Originally Posted by AlTekhasski
The article can be found here (Google is your friend):
What did you find as "great" there? These are all well known problems. The article focuses on four aspects.
(1) "Regional climate prediction"
The reporter, Quirin Schiermeier, as usual for general ignoramuses, misrepresents the problem. He skews it into more favorable light, to make an impression that only "regional details" might be missing, and are of secondary importance. In fact, the lack of convergence of GCMs is a fundamental flaw in the entire approach. In exact sciences, it is customary to shrink calculation grid down to a point where all features of solutions converge, become stable. Only then the model is considered as relatively reliable, and numerical experiments may be conducted to explore various dependencies. In climatology, this is not a case. Climatology uses an excuse that since we do not have sufficient computational resources, this is "good enough". No wonder that details of GCMs fail apart as grid getting smaller. But what he forgot to say is that global climate model is a simple average of regional pieces, and if the pieces are wrong, there is no chance that the sum of them is right. To think otherwise is a fallacy that "two wrongs make one right".
This is the same problem as above. For example, in the climateprediction.net experiment (where Lenny Smith is one of principals), it can rain where there are no clouds, and massive arrays of clouds could appear or disappear in a matter of one-two time steps (15 or 30 minutes). Obviously this kind of processes could not possibly represent local energy balances correctly. This is a classic problem of "parameterization" in a system that has continuous spectrum of scales. Obviously, the rain cannot be without clouds, and clouds can block 90% or more of solar radiation at surface, which in turn affects evaporation and supply of humidity for cloud formation. It is a closed loop of an internal self-consistent prognostic variable, and parameterizations just cannot do the job of a closed-loop feedback system.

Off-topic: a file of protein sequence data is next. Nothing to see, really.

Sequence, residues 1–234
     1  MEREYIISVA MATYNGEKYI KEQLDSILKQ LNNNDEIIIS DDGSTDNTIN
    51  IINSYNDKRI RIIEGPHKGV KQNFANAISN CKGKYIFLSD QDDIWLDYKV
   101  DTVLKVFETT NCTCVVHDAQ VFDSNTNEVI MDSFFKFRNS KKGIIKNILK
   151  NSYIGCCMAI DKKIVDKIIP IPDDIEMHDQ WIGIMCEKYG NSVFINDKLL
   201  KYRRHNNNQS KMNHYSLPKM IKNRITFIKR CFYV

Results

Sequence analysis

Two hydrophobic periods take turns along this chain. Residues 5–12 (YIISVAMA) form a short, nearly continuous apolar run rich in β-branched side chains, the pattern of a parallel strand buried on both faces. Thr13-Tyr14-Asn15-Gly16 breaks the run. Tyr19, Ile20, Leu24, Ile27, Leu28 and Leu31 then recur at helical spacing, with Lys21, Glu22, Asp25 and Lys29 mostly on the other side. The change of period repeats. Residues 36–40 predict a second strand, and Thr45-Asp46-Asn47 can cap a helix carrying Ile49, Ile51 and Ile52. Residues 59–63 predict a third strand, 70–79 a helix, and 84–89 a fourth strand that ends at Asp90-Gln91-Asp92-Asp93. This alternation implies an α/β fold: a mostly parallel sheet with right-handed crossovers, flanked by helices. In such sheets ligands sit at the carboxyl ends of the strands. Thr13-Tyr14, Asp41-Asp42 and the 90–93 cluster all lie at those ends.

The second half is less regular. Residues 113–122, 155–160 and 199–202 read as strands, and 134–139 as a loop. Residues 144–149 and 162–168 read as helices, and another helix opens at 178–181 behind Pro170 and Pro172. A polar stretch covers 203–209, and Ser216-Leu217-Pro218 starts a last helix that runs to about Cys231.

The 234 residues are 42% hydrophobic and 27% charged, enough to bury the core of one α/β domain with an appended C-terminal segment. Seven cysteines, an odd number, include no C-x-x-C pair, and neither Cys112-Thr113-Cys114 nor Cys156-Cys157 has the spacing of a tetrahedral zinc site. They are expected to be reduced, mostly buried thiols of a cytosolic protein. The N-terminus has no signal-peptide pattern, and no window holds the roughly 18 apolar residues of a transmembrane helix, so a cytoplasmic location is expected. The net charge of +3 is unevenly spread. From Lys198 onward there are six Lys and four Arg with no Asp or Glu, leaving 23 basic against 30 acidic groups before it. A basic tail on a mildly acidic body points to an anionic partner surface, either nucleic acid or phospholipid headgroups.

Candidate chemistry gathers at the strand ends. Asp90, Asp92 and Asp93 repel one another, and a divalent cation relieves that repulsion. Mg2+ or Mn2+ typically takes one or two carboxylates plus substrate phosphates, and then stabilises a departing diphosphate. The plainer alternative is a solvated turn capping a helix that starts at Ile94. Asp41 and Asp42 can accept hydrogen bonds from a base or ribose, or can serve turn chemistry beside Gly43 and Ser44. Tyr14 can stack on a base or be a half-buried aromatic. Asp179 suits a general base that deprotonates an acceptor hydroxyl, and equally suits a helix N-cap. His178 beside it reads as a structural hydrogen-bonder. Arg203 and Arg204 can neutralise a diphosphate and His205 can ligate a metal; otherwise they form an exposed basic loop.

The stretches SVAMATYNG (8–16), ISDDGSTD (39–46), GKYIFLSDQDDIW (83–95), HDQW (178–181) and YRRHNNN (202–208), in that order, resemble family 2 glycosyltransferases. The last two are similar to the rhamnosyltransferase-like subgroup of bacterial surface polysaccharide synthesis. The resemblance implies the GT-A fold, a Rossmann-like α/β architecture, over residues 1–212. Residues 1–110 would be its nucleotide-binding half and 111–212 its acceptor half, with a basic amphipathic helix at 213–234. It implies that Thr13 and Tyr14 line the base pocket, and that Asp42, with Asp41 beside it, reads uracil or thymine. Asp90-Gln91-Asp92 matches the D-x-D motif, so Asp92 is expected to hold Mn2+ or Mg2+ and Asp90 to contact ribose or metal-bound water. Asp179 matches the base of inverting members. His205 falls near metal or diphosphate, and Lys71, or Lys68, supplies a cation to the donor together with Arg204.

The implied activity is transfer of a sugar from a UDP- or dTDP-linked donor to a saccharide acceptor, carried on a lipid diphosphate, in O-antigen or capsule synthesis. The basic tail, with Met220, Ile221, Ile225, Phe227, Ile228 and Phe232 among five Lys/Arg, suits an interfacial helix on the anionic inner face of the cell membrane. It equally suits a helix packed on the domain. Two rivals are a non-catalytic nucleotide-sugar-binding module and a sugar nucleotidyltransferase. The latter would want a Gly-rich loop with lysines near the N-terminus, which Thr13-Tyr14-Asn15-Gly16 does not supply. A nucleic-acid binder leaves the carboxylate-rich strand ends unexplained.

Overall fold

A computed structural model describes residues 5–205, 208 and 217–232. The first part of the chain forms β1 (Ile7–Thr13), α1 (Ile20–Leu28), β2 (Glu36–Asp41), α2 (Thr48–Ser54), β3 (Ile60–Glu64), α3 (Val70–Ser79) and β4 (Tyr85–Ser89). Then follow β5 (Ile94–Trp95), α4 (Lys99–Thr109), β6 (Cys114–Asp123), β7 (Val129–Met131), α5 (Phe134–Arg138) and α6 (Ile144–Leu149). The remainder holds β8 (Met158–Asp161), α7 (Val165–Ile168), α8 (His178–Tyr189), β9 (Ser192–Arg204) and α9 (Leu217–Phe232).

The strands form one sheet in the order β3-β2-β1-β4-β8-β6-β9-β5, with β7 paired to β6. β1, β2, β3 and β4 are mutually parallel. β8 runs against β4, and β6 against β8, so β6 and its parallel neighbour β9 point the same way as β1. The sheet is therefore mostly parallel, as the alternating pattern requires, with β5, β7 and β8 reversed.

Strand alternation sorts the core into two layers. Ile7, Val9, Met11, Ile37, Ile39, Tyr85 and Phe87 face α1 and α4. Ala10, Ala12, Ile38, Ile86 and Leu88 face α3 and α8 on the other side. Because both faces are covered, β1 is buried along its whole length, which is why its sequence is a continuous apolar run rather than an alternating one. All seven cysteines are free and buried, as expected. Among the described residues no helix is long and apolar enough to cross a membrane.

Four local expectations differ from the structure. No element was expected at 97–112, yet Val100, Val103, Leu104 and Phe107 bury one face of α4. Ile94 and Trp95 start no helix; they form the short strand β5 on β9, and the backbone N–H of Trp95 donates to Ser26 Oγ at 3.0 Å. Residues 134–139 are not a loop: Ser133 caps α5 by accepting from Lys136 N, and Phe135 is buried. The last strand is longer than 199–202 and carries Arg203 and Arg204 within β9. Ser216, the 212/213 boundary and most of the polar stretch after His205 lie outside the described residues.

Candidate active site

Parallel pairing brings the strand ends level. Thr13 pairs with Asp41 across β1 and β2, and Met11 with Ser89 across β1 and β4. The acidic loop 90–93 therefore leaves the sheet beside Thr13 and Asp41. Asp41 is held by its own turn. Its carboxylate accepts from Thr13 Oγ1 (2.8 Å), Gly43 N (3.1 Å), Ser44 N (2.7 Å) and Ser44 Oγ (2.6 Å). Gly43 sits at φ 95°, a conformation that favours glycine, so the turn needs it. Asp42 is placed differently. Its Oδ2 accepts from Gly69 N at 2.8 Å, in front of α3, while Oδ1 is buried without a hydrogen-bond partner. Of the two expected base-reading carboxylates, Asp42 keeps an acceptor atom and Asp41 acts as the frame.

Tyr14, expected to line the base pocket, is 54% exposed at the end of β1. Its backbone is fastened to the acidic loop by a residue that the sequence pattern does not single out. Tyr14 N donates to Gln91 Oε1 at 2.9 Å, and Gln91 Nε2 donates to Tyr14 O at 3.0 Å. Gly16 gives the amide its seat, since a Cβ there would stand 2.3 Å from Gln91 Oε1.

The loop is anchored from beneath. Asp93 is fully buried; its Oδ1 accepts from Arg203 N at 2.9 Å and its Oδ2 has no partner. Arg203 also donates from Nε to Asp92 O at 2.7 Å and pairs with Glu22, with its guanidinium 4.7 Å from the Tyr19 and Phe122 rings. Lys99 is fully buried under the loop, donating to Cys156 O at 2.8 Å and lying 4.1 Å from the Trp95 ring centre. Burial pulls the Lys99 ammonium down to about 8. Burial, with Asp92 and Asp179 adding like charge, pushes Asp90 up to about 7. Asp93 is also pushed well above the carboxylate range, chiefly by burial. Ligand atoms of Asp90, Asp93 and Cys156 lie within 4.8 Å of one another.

(3) "Atmospheric aerosols"
Again, same thing, an attempt to parameterize internal prognostic variable that is critically important for process of cloud formation.
(4) "Tree-ring reconstructions"
This is a total joke. It is obvious that previous three parts were a smokescreen for this apologism. BTW, Quirin Schiermeier seems to be a mouthpiece for the ClimateGate scandal, and his name is mentioned in the leaked mail. He was trained by Phil Jones on how to spin climate news down to "right message": " We simply want to do our best to help make sure that the right message is emphasized." [1211462932.txt]
So, nothing is new in this article.
If we dug a little, would we find you to be a raging libertarian? Or some sort of right-wingnut? Because your objections to climate modeling aren't really based in sound physics. You're a smart mathematician, but you desperately need global warming to be wrong so you fabricate objections without making sure they make sense.